And I do, it is a rollercoaster of emotions. There are days when I grieve for all the things my son may never do. It has taken me 10 years to come to the point where I LOOK for the blessings and find the humor and cling to hope, but I still grieve, I still hurt, I still cry.

Part 3

She fears exclusion.

Not only for my son but for my “Typical” children as well. His behavior can be embarrasing to my girls, and I fear that others may laugh and point, that He may never make friends

( Though if you read back through some of my recent posts, you will see he IS!!)

Part 4

She needs your respect, not your opinion or advice.

*or your pity*

Part 5

She values action over empathy.

want to help? then HELP! Reach out , offer to take him for a walk when He is getting restless. run laps racing him in the gym or in the yard ( this wears HIM out, keeps Him occupied, and makes HIM happy as well as gives me a break) reach out to HIM and HE will reciprocate, though it will take patience on your part, but he will let you into your world once he realizes you genuinely care.

I encourage anyone who is interested in reaching out more to the Autism community to check out the Inclusive church blog, and especially the posts linked above.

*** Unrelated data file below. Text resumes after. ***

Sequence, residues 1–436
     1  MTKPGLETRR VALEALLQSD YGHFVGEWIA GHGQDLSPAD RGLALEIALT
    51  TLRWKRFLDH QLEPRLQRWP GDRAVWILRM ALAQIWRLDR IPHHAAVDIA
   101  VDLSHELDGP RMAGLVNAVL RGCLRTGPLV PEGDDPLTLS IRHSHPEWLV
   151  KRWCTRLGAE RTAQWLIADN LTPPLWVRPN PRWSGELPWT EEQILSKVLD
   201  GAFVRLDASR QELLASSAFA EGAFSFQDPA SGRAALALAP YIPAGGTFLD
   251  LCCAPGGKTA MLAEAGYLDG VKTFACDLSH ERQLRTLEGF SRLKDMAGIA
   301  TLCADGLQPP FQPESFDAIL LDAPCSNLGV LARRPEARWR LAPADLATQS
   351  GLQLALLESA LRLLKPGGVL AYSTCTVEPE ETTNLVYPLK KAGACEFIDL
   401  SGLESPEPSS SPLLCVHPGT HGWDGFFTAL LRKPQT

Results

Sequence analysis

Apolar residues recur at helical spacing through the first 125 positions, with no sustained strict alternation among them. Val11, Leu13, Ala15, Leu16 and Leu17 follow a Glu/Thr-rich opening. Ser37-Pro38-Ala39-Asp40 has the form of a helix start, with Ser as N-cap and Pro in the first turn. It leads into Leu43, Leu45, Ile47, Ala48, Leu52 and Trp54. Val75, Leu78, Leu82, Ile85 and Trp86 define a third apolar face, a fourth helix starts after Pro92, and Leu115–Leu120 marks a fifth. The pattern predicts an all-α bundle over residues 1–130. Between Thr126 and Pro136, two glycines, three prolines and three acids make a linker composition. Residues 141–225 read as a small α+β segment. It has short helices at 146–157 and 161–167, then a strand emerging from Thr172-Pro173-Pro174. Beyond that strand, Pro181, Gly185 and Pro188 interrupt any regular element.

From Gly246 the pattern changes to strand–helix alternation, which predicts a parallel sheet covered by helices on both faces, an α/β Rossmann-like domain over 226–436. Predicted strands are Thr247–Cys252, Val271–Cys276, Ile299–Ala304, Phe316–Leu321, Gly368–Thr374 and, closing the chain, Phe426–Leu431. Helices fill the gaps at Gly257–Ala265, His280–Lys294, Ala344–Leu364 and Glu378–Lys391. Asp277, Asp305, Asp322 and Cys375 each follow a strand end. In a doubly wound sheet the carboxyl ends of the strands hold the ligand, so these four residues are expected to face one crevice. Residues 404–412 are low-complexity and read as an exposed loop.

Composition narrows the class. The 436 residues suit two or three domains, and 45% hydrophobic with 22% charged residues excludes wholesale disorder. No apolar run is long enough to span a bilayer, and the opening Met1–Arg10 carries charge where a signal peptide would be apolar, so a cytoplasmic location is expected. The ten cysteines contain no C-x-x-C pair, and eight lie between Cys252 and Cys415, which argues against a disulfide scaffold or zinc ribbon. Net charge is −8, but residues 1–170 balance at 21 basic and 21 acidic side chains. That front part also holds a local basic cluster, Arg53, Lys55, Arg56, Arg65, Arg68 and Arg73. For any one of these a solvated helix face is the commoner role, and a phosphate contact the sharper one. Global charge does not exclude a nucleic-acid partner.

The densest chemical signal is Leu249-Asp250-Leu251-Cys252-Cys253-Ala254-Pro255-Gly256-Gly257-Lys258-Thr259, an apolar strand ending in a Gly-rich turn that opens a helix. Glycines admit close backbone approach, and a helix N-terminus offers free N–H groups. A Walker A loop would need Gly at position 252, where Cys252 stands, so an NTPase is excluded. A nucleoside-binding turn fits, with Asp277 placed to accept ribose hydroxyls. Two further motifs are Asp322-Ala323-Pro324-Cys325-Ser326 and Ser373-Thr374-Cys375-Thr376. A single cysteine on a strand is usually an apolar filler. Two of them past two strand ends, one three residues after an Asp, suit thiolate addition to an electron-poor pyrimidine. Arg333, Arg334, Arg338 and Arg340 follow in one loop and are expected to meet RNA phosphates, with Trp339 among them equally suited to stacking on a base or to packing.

Matthew 25:35-40

35 For I was hungry and you gave me something to eat, I was thirsty and you gave me something to drink, I was a stranger and you invited me in, 36 I needed clothes and you clothed me, I was sick and you looked after me, I was in prison and you came to visit me.’

37 “Then the righteous will answer him, ‘Lord, when did we see you hungry and feed you, or thirsty and give you something to drink? 38 When did we see you a stranger and invite you in, or needing clothes and clothe you? 39 When did we see you sick or in prison and go to visit you?’

40 “The King will reply, ‘Truly I tell you, whatever you did for one of the least of these brothers and sisters of mine, you did for me.’

 

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Autism Awareness~30 Days of snapshots: Day 11

There is a side to awareness that can’t be captured in Photos.

It is the side that hurts, the LACK of awareness.